Originally posted on The Sweat Life
There are three substances referred to as “Vitamin K”: K1, K2 and K3. Vitamin K1 comes from plant sources like broccoli, spinach, and avocado, and is necessary for proper blood clotting. Vitamin K2 is found in animal sources like egg yolk, chicken liver, and beef, as well as fermented foods like sauerkraut. The benefits of vitamin K2 extend far beyond blood clotting: it improves bone health, protects against cardiovascular disease, and helps protect the skin, brain, and prostate. Vitamin K3 is a synthetic form of vitamin K and is not recommended.
Builds and repairs healthy bones
Vitamin D3, vitamin K2, and calcium work together to maintain strong, healthy bones. Vitamin D3 maintains healthy levels of calcium in the blood and increases calcium absorption from the digestive tract; we now know that vitamin K2 works synergistically with vitamin D3 to keep calcium in bones and out of soft tissues like the heart, joints, and kidneys. The two vitamins combined provide powerful support for the whole body (see below to learn why vitamin D3 is the most effective form of vitamin D).
Regulates immune function
A healthy vitamin D level keeps us from getting sick, lowers our risk of developing autoimmune conditions, and is thought to help prevent certain cancers.
Helps to balance hormones
Adequate vitamin D can help women avoid hot flashes and depression during menopause. It is also thought to play a role in fertility and healthy menstrual cycles.
Keeps you sharp and happy
Supports cardiovascular health
Vitamin D3 and K2 work together to ensure proper use of calcium – this includes preventing calcium buildup in arteries that can contribute to heart attack or stroke.
Vitamin D sufficiency is more important for bone health than high calcium intake. If Vitamin D status is sufficient, calcium intake levels of more than 800 mg/day may be unnecessary.
Vitamin D3 supplementation during the winter may reduce the incidence of the flu.
High circulating levels of vitamin D are associated with a lower risk of multiple sclerosis. 25-OH Vitamin D between 90-100 nmol/L were considered optimal in this study.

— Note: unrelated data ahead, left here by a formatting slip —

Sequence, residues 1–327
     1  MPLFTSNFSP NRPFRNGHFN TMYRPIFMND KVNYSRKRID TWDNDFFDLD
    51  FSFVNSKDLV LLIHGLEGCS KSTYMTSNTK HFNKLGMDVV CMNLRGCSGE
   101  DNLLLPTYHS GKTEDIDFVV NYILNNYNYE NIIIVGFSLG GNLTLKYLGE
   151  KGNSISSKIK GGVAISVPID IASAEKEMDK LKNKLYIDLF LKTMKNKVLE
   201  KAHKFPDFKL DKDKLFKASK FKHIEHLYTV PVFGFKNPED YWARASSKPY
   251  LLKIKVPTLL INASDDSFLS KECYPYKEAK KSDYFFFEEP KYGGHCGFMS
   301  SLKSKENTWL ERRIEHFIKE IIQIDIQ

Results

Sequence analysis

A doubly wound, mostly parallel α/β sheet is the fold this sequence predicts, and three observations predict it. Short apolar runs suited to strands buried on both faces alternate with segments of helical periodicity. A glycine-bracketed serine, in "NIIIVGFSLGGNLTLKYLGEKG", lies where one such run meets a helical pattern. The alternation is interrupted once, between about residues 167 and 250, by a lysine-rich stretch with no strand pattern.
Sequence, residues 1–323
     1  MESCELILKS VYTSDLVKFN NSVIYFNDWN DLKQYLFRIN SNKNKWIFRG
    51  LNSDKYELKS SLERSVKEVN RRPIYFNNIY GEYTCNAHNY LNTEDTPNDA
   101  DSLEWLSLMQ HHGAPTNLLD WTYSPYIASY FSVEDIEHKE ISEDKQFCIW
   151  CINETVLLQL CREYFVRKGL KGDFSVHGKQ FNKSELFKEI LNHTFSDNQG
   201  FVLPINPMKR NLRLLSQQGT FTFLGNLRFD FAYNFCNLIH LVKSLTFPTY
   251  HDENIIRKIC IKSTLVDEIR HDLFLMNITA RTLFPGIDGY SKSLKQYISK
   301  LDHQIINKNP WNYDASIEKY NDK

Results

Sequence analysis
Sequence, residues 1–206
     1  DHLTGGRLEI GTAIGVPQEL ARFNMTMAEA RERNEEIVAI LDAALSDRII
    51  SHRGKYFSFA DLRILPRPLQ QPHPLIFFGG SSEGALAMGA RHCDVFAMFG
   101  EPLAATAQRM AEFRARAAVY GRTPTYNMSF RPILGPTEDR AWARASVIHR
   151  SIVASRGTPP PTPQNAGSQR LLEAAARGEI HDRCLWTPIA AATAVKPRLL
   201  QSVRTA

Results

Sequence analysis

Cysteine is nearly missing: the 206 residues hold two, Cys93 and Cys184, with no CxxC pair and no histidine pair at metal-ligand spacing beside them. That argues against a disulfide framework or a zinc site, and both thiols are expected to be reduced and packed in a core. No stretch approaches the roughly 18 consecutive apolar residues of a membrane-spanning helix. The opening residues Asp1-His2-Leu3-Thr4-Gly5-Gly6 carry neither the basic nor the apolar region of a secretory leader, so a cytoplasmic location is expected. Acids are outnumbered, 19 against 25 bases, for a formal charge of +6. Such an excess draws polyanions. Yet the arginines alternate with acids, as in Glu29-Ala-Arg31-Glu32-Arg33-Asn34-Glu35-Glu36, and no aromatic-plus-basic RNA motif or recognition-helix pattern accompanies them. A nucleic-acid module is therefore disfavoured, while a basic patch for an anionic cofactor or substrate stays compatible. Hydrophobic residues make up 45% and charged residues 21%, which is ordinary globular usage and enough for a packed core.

Vitamin D from diet or sun may lower breast cancer risk. Overall, participating in any outdoor work at any point in life resulted in about a 40% reduction in breast cancer risk. Women with 25 OH Vitamin D levels less than 50 ng/mL were six times more likely to develop breast cancer than those with levels greater than 50.
Vitamin D was found to be protective against melanoma relapse.
Vitamin D supplementation in infancy has a strong protective effect against the autoimmune disease Type 1 Diabetes.
Vitamin D3/K2 is a great supplement to help maintain healthy levels of vitamin D. Optimal vitamin D3 supplementation dosage depends on the individual and is best determined by your physician based on blood results. Common dosing for vitamin D3 is 1000 iu daily, but if a person is very deficient, we may recommend up to 5000 iu daily. Consult your physician before supplementing with vitamin D.
Vitamin D can be easily and accurately measured in the blood. Ask for a 25-Hydroxyvitamin D test next time you are due for blood work. The minimum level is 25-35, but for optimal health, we recommend a level of 50 to 100.
Vitamin D2 (Ergocalciferol) is found in some plant products and is completely inactive in our bodies. Vitamin D3 (cholecalciferol) is produced in the skin under the effects of ultraviolet radiation (sunlight) – this is the active form that our body utilizes in order to carry out many important metabolic processes.
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This article does not establish a practitioner-patient relationship. Consult with your health provider on how supplements may affect your current condition or medications.
Gerald T. Simons is a Physician’s Assistant working at The Morrison Center in NYC where he works with patients to create an immersive program to address persistent infections and rebuild the immune system. Learn more about Jerry and his work at The Morrison Center.
Dr. Jeffrey Morrison is a medical doctor, the author of Cleanse Your Body, Clear Your Mind, and founder of The Morrison Center, in NYC. He partners with patients to find the underlying cause of their symptoms and provide a thorough, individualized treatment and nutritionally-based program to achieve optimal health result. Learn more about Dr. Morrison and The Morrison Center.
Stephanie Mandel is a Nutrition Advisor at The Morrison Center, in NYC, where she partners with clients to optimize their energy, vitality and physical well-being with the use of diet modification, and a balanced, natural approach. Learn more about The Morrison Center’s Nutrition Services.
While we love a good facial or splurging on the latest youth-enhancing serum, we know that life-long beauty comes from the inside out. The way we treat our bodies throughout our lives is written all over our faces. This Harper’s Bazaar article features Dr. Morrison’s diet and lifestyle advice about how to keep inflammation low, energy high, and skin dewy and fresh at every age.